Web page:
Saturday, Apr 4, 2020
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Voting time nears

The parties are almost ready, and most of the country is too, for the next general election.  Though the prime minister has until May to call the vote, it is expected that he will do so before then.  Based on the work that has already been done, it would be reasonable to assume that an election will be held sometime between February and March.  If not, it would be soon after.  If you didn’t already know, we are now in election season.

Based on the registration numbers thus far, more Bahamians will be eligible to vote in 2012 than the 150,000 on the voting list in 2007.  Included in that eligible voter number are the bases of the Progressive Liberal Party (PLP) and Free National Movement (FNM).  For whatever reasons, these people will vote for the party they are aligned to regardless of who it selects as candidates and regardless of who leads it.

The swing voters, who change their minds from time to time, will largely determine the next government.

For the swing voters who are undecided or confused, we offer a few simple suggestions to help in your evaluation process.

It would be wise to initially define what you think are the biggest problems facing the country.  Once this is done, examine the records of the parties on those issues.  The leaders of the PLP and the FNM have been around a long time.  They have clear track records on issues such as job creation and crime management.  It does not take much thinking or research to evaluate the performance of each of the main parties, and their leaders, on issues of national concern.

What must then be analyzed is leadership itself.  In the Westminster system in developing countries, significant power is concentrated in the hands of prime ministers.  The man you elect would need to be competent, fair, energetic and enough of a visionary to help lift the country from its current malaise.

Does the leader inspire you?  Do you think he cares about the country, or does he just want to be prime minister?  Will he listen to the people once he is elected?  Is the team around him competent?  These are just some of the questions that should be considered.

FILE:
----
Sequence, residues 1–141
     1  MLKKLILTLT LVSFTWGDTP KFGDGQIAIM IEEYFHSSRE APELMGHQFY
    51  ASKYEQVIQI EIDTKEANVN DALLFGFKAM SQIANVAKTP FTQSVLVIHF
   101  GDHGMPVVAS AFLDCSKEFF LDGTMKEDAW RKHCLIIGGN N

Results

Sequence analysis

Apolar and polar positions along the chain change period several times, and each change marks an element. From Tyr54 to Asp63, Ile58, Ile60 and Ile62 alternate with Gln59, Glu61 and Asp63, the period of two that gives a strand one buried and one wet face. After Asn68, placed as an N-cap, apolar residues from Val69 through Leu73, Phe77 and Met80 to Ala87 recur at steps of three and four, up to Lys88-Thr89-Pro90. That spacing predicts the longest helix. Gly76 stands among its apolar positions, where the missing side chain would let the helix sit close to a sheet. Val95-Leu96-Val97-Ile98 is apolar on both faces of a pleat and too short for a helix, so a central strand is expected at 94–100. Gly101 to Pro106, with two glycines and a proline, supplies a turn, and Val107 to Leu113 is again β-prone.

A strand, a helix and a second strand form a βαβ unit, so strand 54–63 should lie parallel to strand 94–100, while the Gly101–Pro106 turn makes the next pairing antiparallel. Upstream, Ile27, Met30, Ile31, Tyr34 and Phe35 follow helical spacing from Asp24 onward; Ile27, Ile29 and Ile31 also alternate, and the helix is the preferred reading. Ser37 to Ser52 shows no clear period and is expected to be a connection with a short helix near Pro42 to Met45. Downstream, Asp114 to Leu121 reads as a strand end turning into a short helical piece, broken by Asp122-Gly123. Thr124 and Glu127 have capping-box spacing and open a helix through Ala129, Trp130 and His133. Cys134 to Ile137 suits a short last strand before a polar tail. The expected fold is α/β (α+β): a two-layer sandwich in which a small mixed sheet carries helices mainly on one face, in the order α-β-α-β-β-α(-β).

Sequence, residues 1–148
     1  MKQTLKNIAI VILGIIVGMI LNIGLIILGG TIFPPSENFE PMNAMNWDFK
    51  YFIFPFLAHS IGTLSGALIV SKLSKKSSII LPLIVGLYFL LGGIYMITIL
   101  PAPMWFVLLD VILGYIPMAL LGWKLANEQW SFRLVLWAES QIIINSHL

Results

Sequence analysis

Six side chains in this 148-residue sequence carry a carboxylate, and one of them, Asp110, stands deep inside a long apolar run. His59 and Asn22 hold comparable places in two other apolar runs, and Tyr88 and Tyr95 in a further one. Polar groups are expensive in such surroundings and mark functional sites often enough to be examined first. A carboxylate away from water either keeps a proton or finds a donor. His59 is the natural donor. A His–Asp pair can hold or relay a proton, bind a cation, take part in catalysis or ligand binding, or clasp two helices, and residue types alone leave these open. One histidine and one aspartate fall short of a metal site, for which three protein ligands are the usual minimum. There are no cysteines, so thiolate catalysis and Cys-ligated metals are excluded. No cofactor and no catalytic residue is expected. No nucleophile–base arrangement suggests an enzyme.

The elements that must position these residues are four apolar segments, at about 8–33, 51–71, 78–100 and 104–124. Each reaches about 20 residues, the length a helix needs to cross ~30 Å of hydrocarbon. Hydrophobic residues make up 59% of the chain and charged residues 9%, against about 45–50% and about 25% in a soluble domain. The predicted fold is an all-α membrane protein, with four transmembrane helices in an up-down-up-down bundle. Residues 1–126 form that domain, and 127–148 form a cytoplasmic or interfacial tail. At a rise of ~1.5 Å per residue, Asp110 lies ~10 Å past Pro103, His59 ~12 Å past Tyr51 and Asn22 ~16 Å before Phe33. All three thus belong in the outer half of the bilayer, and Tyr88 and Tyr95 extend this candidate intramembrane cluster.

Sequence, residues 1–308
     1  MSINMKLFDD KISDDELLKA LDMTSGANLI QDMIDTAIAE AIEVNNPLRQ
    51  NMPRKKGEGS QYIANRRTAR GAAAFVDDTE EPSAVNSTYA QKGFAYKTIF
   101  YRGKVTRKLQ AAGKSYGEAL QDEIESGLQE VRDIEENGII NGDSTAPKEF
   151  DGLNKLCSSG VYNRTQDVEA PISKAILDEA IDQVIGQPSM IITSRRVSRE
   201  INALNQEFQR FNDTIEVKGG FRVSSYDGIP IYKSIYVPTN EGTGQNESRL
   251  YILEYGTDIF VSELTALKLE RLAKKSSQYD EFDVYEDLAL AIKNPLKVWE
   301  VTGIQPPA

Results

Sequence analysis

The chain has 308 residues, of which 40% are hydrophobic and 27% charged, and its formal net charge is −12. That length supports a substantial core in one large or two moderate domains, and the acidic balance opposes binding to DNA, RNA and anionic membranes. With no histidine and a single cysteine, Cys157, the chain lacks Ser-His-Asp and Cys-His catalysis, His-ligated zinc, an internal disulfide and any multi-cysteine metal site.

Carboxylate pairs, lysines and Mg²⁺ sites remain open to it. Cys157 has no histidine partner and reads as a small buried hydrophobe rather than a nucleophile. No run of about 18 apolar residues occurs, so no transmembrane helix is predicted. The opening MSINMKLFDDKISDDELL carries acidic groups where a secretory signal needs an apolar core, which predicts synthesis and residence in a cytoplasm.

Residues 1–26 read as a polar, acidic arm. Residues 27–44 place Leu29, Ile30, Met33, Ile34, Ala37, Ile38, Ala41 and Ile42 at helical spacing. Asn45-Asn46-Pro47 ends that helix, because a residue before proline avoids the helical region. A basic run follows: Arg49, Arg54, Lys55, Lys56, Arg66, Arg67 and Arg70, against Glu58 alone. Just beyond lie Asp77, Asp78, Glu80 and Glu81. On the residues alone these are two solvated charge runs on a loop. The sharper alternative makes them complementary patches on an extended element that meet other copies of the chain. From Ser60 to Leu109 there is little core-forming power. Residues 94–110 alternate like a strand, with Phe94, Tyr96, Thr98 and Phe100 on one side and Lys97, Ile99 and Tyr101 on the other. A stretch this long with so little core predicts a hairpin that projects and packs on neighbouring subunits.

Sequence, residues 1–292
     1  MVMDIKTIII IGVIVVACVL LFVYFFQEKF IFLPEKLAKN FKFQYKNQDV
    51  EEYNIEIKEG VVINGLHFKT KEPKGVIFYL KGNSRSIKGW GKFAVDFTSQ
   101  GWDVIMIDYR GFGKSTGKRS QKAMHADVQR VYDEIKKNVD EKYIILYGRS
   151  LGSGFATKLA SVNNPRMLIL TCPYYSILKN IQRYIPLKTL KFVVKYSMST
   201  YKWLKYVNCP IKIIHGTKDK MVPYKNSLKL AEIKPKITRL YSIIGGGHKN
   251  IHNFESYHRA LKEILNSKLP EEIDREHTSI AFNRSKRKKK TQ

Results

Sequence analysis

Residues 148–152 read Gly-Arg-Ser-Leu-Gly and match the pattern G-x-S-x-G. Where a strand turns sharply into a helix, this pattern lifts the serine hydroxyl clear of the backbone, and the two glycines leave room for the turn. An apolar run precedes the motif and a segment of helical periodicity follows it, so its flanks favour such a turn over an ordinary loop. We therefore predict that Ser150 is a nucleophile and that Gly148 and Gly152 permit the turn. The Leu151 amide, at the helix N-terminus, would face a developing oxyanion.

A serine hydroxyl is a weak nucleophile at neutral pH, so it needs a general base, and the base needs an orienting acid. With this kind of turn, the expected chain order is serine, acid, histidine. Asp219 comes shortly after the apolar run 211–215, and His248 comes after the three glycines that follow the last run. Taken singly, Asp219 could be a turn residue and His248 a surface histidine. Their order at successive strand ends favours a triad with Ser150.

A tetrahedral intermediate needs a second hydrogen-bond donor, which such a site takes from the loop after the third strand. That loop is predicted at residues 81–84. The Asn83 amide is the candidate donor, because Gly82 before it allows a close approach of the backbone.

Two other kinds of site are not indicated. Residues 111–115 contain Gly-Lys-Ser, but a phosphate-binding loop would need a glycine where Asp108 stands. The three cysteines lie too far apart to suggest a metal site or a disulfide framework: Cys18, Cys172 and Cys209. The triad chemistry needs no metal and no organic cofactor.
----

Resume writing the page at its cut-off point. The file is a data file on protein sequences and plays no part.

Now, we mentioned the PLP and FNM.  There is also a ‘third party’ in the race – that is, the Democratic National Alliance (DNA).  Its leader is a one-term member of Parliament.  What must be considered here is whether he and the members of his party are ready to govern.

We have discussed the macro-level of voting thus far, but another approach can be taken.  There will be 38 constituency races.  While many Bahamians vote for party or leader, it is just as reasonable to vote for the person you think best to represent you, your community and your interests.

Voting for party, leader or candidate is fine once the decision is a considered one.  Voters should not just place their Xs next to candidates from particular parties because of, for example, family history.

To those who are disheartened by the choices before us this electoral cycle, do not become apathetic.  Look closely before you decide not to vote.  If none of the main players interest you, consider the lesser ones.  Not voting should always be a last option.

What all Bahamians must remember is anything is possible at election time if the people are interested and open to making the change they desire.  We vote in governments.  We vote them out.  No party or leader is guaranteed anything on election day.  We must work hard during these upcoming weeks to ensure that the best government for The Bahamas is chosen.  And when this is done, we must work just as hard to ensure that the people who make up that government do what they were elected to do.

Beyond post-colonial
1954 – a memorable